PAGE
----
By Toby Helm and Bruno Waterfield in Lisbon
Tony Blair has been placed in the frame to become the first permanent President of the EU after France launched a campaign to install him in the powerful new Brussels job.
Nicolas Sarkozy, the French President, touted the former Prime Minister as his preferred candidate after Gordon Brown and fellow leaders agreed the EU Reform Treaty, which establishes the new post from January 2009.
“I saw Tony Blair the night before last,” said Mr Sarkozy, referring to a dinner between the two men in Paris where the idea was discussed.
“He is a remarkable man, the most European of all the British.
“I do not know what his intentions are but that one could think of him as a possibility would be quite a smart move.”
A spokesman for Mr Blair has refused to rule out the move, saying only that he was “focused on his current role” as an international envoy to the Middle East.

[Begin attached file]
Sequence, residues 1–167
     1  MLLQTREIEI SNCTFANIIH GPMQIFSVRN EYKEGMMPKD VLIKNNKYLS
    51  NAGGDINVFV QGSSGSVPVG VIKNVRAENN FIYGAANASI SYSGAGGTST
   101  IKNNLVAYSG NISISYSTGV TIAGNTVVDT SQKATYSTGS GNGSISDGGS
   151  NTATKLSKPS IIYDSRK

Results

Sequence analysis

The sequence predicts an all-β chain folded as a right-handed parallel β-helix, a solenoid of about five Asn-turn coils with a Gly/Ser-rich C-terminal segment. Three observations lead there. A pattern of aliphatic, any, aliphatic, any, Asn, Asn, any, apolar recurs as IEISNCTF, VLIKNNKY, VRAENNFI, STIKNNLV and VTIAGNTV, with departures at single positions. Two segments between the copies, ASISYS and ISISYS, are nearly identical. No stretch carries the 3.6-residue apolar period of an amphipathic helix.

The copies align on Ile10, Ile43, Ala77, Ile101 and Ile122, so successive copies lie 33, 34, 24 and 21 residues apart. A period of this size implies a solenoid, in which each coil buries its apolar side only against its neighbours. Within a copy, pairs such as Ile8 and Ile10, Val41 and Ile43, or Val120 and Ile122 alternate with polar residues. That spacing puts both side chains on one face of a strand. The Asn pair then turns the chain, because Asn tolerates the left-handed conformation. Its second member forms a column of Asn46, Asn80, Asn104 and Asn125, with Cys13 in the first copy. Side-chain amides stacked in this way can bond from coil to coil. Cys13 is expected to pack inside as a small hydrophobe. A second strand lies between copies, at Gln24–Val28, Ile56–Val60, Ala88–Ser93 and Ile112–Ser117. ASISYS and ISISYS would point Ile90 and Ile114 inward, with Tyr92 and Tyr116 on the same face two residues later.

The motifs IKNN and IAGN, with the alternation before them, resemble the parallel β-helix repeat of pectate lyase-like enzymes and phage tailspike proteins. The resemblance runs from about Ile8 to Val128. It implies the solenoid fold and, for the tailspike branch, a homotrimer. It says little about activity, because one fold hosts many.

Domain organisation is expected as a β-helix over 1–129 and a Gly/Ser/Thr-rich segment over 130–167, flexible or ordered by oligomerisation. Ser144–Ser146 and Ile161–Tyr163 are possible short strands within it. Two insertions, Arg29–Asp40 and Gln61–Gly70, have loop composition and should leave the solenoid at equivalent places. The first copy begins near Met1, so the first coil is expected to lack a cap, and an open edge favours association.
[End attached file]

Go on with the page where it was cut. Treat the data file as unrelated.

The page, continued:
The job, which could be done part-time, would involve Mr Blair coordinating EU policy and brokering agreements between leaders of the 27 member states.
It is expected to carry a salary and perks package of at least £200,000 a year.
While Downing Street appeared cautious, hinting Mr Blair might not be the choice of many EU leaders because of the Iraq war, Mr Brown gave his initial backing.
However, he said it was too early to get involved in such discussions, because the Reform Treaty had not yet passed into law.
The job, which would run for a two and half year term and is renewable once, has been established to replace the existing system of rotating six-month presidencies between member states.
Heads of government will choose the President by a majority vote.
Mr Sarkozy suggested Jean-Claude Juncker, the long-serving Prime Minister of Luxembourg, as an alternative to Mr Blair.
The new EU Treaty also establishes a new EU foreign policy chief and a European diplomatic service. However Mr Brown again rejected calls for a referendum.
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Sarkozy and Brown push Blair for EU presidency
President Nicolas Sarkozy of France and Prime Minister Gordon Brown of Britain endorsed Tony Blair on Friday to be the European Union’s first permanent president